Living With Dust: Does Pet Coke Endanger Detroit Neighbors?

July 14, 2013, 9:09 AM

Imagine having a potential health risk drift into your rooms anytime a window is open.

Riverside petcoke mounds send possibly harmful particles into apartment at Hudson Lofts off Fort Street and 14th Street Lofts off West Lafayette.
[Photo by James Fassinger]

That's what some Southwest Detroiters endure from nearby piles of petroleum coke alongside the Detroit River, as Keith Matheny describes in the Free Press.

The presence of pet coke in homes has some questioning whether state and city officials are doing enough to protect the public from potential impacts resulting from the piles, a byproduct of tar sands oil refining that’s considered a cheap, if dirty, fuel commodity. ...

The neighborhood within a mile of the pet coke pile is home to thousands of city residents. Whether dust from the pile is putting their health at risk remains a matter of debate.

Matheny speaks with state officials for a front-page update.

Officials with the state Department of Environmental Quality have observed dust blowing off the pet coke pile northeast of the Ambassador Bridge. They responded to another complaint in May from a resident [at Hudson Lofts] and confirmed pet coke dust there. . . .

Jeff Korniski, a senior environmental engineer with the DEQ’s Air Quality Division in Detroit, said: “There have been visual observations of dust leaving the site” of the pet coke piles.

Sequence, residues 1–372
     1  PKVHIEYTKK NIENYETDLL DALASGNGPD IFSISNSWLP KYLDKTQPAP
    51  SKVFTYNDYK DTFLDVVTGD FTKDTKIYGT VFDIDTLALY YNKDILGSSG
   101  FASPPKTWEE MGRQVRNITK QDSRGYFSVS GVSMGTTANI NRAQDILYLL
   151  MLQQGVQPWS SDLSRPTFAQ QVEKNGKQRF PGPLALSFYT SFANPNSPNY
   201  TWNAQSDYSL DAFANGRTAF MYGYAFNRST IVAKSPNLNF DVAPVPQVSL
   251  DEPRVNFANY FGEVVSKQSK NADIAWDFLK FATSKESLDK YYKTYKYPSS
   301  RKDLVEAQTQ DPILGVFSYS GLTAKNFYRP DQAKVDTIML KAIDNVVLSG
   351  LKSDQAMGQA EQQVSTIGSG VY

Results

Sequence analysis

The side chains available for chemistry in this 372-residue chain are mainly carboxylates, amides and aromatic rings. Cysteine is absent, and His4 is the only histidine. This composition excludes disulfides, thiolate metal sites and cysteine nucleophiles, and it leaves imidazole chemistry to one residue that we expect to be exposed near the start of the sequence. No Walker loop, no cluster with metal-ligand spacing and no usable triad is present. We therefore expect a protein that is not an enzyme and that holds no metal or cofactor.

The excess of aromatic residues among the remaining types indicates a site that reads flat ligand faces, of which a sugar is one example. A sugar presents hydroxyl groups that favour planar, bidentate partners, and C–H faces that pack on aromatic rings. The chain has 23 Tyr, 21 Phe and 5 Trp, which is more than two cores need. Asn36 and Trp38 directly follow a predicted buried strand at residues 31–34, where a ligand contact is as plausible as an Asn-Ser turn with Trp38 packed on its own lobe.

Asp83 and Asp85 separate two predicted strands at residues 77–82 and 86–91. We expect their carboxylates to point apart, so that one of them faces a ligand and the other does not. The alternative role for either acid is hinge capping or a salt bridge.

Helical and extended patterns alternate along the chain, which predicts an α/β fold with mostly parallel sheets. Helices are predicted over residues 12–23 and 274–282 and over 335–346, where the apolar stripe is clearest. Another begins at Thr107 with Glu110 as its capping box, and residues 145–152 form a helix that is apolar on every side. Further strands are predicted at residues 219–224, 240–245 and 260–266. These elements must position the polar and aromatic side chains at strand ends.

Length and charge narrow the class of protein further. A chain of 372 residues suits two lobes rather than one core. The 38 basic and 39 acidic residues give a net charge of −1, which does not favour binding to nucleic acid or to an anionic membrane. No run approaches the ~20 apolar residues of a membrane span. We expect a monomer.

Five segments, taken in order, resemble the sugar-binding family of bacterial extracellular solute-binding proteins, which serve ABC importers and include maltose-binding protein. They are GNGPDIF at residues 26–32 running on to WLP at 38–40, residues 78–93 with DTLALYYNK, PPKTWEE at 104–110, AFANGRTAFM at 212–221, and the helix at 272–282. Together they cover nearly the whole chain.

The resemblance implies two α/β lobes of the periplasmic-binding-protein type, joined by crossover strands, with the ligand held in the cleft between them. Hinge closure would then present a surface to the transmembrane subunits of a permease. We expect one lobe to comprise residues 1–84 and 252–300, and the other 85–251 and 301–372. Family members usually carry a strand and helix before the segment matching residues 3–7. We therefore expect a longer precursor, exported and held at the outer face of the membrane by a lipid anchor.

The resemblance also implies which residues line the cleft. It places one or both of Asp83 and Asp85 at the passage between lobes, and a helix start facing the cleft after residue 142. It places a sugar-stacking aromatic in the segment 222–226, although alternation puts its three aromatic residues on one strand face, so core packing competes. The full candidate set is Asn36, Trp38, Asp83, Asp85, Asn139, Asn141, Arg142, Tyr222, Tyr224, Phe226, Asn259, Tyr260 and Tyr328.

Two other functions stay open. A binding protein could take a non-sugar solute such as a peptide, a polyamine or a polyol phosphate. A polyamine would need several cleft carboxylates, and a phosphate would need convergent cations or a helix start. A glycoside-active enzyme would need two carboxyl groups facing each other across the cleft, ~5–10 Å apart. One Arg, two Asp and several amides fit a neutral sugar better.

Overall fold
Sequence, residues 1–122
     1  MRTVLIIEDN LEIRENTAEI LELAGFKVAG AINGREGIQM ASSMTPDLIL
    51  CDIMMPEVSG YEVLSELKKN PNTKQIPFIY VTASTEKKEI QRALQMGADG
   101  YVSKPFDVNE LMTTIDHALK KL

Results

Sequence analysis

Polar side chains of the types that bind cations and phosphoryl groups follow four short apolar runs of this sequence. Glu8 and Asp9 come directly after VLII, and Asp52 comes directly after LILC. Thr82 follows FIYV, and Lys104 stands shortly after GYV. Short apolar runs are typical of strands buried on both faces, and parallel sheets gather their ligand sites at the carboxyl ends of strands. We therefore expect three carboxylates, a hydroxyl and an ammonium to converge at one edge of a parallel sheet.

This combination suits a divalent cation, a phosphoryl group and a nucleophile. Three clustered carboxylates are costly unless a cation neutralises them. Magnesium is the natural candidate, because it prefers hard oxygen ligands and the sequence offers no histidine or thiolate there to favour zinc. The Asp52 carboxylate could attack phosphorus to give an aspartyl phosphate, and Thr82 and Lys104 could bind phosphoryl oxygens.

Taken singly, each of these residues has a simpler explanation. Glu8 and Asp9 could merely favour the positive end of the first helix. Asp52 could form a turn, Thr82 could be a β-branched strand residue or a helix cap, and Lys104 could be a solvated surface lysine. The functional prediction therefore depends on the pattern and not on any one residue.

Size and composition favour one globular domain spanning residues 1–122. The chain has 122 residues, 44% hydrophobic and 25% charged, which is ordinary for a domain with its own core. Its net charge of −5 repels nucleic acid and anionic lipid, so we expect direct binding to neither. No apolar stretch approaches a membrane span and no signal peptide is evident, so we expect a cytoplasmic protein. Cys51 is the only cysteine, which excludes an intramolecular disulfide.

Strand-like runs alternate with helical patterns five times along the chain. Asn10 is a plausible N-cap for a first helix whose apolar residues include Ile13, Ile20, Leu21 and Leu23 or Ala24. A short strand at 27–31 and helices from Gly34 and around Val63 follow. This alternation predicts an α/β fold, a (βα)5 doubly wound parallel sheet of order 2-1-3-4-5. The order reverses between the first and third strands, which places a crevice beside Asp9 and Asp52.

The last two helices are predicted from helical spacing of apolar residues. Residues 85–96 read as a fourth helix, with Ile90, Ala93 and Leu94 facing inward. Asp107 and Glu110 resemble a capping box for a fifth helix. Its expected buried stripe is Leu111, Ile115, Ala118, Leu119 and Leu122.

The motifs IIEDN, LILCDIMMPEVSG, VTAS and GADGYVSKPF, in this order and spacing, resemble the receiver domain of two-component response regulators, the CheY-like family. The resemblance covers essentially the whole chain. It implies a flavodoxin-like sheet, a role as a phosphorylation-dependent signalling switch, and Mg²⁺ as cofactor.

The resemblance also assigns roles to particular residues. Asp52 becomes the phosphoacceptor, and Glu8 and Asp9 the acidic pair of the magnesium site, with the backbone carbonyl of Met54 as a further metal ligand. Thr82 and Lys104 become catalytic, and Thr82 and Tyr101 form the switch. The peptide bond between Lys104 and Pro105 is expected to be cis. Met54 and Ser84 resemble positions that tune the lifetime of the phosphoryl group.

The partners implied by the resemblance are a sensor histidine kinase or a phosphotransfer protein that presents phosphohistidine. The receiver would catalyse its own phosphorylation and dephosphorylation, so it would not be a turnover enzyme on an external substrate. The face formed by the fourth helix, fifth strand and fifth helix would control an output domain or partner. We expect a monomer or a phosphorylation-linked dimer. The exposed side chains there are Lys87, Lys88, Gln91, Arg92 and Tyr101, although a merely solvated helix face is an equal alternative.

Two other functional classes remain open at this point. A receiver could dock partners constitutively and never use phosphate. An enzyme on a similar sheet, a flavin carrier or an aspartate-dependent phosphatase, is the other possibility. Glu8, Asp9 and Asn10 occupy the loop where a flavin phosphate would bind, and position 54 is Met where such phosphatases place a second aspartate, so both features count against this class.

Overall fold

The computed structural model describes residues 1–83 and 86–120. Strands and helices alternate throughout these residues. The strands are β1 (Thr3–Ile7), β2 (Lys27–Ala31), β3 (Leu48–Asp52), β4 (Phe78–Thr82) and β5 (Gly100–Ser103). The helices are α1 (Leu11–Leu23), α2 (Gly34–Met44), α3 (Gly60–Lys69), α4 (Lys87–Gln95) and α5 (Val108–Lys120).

The reporter also quotes research director Jeff Gearhart of the Ecology Center, an environmental nonprofit in Ann Arbor:

“We’re very concerned about distribution of fine particulate from this source and other sources. . . .

"The DEQ has unnecessarily claimed that they don’t see any hazards associated with this site, when they simply don’t have the data to support that.” . . .

Vanadium, one of the metals found in the pet coke dust, is possibly cancer-causing in humans in prolonged or elevated exposure levels. . . . Vanadium levels in air samples near the pet coke piles are not being monitored — only fine particulate levels, said Lynn Fiedler, assistant division chief of the DEQ’s Air Quality Division.

The pet coke comes from a nearby Marathon Oil refinery, Matheny explains. It's stored on land owned by the family of billionaire Manuel (Matty) Moroun.

Read more:  Detroit Free Press

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